EU launches legal action over Polish judge disciplinary regime

The case is one of multiple battles being waged between the EU and Poland over upholding the rule of law

Vera Jourova, the VP of the European Commission responsible for EU values and transparency

The European Commission has launched legal action against Poland over its latest law introducing a new disciplinary regime for judges. Wednesday's infringement proceeding could see Poland taken to the European Union's highest court and ultimately handed a hefty fine.

"This law undermines judicial independence and is incompatible with the primacy of EU law," EU Justice Commissioner Didier Reynders wrote on Twitter on Wednesday.

The European Commission said it was now giving Poland two months to address its concerns about a law introduced earlier this year that would allow to punish judges who criticise the government’s reforms of the judicial system.

“There are clear risks that the provisions regarding the disciplinary regime against judges can be used for political control of the content of judicial decisions,” said Vera Jourova, the Czech member of the executive Commission who is responsible for upholding the EU’s democratic values.

“This is a European issue because Polish courts apply European law. Judges from other countries must trust that Polish judges act independently. This mutual trust is the foundation of our single market,” she told a news conference.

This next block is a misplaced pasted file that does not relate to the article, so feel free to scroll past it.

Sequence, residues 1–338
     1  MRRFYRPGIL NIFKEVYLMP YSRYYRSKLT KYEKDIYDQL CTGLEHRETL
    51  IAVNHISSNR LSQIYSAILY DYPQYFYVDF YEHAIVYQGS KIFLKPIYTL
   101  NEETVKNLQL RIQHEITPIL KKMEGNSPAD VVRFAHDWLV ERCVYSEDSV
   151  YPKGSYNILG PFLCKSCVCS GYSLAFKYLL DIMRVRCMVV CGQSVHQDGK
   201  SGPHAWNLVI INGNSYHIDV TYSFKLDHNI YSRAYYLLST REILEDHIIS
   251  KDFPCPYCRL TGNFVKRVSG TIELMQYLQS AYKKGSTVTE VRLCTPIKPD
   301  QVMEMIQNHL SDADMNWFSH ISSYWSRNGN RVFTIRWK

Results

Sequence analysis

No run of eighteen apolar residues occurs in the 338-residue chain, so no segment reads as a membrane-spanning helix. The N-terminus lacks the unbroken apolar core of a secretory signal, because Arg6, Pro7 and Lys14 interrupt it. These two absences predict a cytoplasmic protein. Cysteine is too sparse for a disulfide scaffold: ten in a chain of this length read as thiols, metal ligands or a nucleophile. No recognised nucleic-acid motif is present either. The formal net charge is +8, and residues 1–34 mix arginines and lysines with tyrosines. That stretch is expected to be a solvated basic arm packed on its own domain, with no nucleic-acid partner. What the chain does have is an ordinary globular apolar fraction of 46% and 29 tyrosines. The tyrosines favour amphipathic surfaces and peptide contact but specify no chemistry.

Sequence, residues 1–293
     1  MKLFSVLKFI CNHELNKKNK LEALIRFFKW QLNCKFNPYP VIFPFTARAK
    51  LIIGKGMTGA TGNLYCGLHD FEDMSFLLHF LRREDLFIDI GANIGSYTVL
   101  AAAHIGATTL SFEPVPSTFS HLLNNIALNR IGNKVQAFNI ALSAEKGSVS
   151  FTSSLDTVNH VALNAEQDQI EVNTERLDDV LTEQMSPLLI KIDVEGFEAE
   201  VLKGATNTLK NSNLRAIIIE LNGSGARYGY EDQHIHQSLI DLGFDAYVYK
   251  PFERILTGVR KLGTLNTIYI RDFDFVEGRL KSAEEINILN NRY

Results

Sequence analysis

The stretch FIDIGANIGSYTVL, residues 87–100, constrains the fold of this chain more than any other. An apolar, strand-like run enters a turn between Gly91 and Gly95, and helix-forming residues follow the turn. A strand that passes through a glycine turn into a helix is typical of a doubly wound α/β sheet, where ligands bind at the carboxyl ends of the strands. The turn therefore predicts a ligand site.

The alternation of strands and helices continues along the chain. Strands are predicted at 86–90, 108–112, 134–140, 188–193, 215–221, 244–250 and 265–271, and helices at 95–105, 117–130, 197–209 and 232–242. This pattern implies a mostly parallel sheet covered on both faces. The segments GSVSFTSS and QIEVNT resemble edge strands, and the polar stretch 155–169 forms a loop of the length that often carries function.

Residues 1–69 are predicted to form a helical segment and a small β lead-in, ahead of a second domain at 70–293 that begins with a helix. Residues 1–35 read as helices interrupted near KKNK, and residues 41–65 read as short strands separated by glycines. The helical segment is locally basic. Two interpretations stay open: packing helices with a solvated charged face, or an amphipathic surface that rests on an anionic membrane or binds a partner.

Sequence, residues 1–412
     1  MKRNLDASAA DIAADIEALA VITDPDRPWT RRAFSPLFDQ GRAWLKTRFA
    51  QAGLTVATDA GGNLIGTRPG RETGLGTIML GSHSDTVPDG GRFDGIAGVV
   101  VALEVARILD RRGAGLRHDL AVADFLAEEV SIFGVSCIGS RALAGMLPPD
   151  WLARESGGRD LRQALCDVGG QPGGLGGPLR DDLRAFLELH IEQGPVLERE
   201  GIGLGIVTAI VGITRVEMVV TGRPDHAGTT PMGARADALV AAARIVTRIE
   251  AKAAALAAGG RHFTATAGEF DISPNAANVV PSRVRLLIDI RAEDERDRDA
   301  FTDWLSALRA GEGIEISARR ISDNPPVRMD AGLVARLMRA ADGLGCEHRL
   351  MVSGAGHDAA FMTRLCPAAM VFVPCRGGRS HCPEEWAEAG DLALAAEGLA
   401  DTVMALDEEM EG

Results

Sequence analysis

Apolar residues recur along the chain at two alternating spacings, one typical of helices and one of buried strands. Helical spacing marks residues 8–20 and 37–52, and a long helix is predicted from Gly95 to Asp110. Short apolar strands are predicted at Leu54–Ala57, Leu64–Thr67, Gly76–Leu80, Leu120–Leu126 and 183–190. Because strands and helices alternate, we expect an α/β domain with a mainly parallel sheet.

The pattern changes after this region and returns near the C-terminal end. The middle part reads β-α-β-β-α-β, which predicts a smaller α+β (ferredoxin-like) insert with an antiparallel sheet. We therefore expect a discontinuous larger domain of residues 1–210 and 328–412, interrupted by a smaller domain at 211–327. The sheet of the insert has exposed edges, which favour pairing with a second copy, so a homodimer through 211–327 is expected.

Should Warsaw refuse to budge, the Commission would sue it in the European Court of Justice, which could eventually lead to hefty fines as well as a court order telling the Polish government to change tack.

The EU has long accused the ruling Law and Justice (PiS) party of undermining Polish democracy by increasing direct state control over the courts, media and civic society, a charge the party rejects. The EU executive believes the reforms could be used by politicians to control rulings and therefore undermines basic EU principles enshrined in law, according to a statement. The bill in question, dubbed the muzzle law by domestic opponents, entered into force in February.

Under its provisions, judges can face disciplinary punishments, including dismissals, for a range of actions, such as questioning the legality of judicial appointments.

Wednesday's move is one of a string of disciplinary proceedings Warsaw faces for reforms critics say diminish judicial independence. The government insists they amount to necessary modernization and accuses Brussels of meddling in its domestic affairs.

The Commission has also recently criticised Warsaw’s decision to press ahead with a presidential election next month despite concerns over public health due to the coronavirus pandemic.

The PiS-led government is considering holding the election by postal ballot, saying this would ensure public safety, but opposition parties and pro-democracy groups say such a vote, held at such short notice, could not be fair or transparent.

“We cannot compromise or put in lockdown our fundamental rights and values,” Jourova said on Wednesday. “The virus must not kill democracy.”

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